Extracts from the eggs of X. laevis frogs are also commonly used for biochemical studies of DNA replication and repair, as these extracts fully support DNA replication and other related processes in a cell-free environment which allows easier manipulation.[33]

The first vertebrate ever to be cloned was an African clawed frog in 1962,[34] an experiment for which Sir John Gurdon was awarded the Nobel Prize in Physiology or Medicine in 2012 "for the discovery that mature cells can be reprogrammed to become pluripotent".[35]

Additionally, four female African clawed frogs and stored sperm were present on the Space Shuttle Endeavour when it was launched into space on mission STS-47 on September 12, 1992, so that scientists could test whether reproduction and development could occur normally in zero gravity.[36][37]

Xenopus laevis also serves as an ideal model system for the study of the mechanisms of apoptosis. In fact, iodine and thyroxine stimulate the spectacular apoptosis of the cells of the larval gills, tail and fins in amphibians metamorphosis, and stimulate the evolution of their nervous system transforming the aquatic, vegetarian tadpole into the terrestrial, carnivorous frog.[38][39][40][41]

Stem cells of this frog were used to create xenobots.

Genome sequencing[edit]

Early work on sequencing of the X. laevis genome was started when the Wallingford and Marcotte labs obtained funding from the Texas Institute for Drug and Diagnostic Development (TI3D), in conjunction with projects funded by the National Institutes of Health. The work rapidly expanded to include de novo reconstruction of X. laevis transcripts, in collaboration with groups around the world donating Illumina Hi-Seq RNA sequencing datasets. Genome sequencing by the Rokhsar and Harland groups (UC Berkeley) and by Taira and collaborators (University of Tokyo, Japan) gave a major boost to the project, which, with additional contributions from investigators in the Netherlands, Korea, Canada and Australia, led to publication of the genome sequence and its characterization in 2016.[42]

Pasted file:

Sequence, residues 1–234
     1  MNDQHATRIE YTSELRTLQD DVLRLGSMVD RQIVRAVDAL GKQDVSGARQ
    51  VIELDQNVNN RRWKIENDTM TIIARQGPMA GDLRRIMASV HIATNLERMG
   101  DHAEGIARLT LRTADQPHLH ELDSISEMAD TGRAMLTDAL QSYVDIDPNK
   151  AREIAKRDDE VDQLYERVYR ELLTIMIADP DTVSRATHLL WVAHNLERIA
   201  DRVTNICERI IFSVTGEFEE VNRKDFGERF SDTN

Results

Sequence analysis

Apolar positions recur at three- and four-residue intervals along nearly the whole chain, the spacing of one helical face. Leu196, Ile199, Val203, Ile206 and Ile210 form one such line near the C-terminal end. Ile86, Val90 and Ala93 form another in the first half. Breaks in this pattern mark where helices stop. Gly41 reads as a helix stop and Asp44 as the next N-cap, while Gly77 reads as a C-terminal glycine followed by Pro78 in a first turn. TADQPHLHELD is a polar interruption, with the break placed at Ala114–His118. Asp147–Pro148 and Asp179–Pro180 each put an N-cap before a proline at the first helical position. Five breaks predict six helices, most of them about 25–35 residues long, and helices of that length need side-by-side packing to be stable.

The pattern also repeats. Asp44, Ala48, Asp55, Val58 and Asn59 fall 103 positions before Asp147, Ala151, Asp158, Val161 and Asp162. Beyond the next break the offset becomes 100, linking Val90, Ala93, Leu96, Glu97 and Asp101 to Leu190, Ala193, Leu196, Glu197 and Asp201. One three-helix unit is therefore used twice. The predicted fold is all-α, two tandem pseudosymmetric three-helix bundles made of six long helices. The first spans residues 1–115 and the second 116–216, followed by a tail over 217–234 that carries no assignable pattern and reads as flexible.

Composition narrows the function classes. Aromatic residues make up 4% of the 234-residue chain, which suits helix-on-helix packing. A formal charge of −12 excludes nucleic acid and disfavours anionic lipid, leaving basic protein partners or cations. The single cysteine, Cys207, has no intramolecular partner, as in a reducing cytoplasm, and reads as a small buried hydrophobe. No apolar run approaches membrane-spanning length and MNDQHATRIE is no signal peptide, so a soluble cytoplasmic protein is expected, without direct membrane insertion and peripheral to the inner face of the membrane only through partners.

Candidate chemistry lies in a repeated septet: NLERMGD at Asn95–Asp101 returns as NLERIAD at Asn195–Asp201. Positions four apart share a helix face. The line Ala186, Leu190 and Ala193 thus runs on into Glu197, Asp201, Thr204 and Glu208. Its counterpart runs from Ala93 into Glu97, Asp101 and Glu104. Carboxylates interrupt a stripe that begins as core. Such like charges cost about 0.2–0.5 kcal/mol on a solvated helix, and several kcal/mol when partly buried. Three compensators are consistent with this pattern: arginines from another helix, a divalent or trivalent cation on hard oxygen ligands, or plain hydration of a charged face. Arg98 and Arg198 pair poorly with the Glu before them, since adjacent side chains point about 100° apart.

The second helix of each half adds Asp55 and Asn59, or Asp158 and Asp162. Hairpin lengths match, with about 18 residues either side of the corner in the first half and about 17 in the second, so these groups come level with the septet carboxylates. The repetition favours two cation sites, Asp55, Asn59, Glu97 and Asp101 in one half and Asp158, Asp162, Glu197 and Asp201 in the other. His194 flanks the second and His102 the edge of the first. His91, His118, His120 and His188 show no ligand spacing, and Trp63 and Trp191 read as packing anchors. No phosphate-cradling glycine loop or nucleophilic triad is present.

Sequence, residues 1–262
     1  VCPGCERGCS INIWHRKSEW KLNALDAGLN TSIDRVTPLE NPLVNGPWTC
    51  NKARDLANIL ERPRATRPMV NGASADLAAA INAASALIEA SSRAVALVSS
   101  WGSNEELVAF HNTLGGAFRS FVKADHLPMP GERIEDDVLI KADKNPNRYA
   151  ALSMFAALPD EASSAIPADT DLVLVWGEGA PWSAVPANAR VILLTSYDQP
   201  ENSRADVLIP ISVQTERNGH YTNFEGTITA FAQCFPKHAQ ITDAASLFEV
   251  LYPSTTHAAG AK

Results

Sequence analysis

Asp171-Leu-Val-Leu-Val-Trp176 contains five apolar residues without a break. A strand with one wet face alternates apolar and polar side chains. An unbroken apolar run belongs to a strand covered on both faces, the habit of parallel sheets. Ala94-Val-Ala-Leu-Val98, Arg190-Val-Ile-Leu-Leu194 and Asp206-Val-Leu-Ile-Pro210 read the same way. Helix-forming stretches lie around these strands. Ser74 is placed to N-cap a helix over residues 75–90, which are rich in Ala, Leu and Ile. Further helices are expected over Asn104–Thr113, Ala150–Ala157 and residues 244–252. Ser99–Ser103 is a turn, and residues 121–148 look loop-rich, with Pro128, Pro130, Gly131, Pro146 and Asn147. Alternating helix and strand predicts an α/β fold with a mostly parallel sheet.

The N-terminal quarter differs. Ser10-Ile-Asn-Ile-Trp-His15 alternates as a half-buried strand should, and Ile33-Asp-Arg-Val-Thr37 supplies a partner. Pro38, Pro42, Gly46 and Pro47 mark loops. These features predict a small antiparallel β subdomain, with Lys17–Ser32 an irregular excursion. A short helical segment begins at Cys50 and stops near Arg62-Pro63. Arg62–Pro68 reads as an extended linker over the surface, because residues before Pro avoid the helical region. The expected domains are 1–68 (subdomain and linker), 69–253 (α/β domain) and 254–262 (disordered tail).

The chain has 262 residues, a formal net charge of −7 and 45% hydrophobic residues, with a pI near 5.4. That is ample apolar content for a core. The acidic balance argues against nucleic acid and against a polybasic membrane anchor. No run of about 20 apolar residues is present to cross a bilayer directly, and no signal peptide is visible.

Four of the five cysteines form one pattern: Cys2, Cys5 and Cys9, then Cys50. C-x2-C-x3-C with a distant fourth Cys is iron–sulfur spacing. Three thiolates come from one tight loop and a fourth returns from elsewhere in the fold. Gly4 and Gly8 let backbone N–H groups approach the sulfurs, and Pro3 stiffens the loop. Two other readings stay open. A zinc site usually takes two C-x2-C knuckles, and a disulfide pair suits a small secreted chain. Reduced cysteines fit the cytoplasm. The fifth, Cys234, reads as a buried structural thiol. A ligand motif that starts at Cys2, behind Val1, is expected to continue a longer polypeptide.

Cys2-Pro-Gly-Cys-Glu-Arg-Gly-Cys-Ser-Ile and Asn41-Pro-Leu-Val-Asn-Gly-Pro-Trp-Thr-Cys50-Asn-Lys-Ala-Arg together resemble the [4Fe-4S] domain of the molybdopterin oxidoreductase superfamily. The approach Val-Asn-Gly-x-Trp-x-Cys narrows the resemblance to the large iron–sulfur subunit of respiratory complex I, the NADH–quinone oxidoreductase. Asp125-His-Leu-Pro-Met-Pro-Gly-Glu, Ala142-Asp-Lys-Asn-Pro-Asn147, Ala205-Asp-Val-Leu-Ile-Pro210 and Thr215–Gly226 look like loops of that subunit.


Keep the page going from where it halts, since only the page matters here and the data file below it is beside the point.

As transexpression tool[edit]

X. laevis oocytes are often used as an easy model for the artificially induced expression of transgenes. For example, they are commonly used when studying chloroquine resistance produced by specialized transporter mutants.[43] Even so the foreign expression tissue may itself confer some alterations to the expression, and so findings may or may not be entirely identical to native expression: For example, iron has been found by Bakouh et al 2017 to be an important substrate for one such transporter in X. l. oocytes, but as of 2020 iron is merely presumptively involved in native expression of the same gene.[43]

Online Model Organism Database[edit]

Xenbase[44] is the Model Organism Database (MOD) for both Xenopus laevis and Xenopus tropicalis.[45] Xenbase hosts the full details and release information regarding the current v10 Xenopus laevis genome ([1]) released in 2022.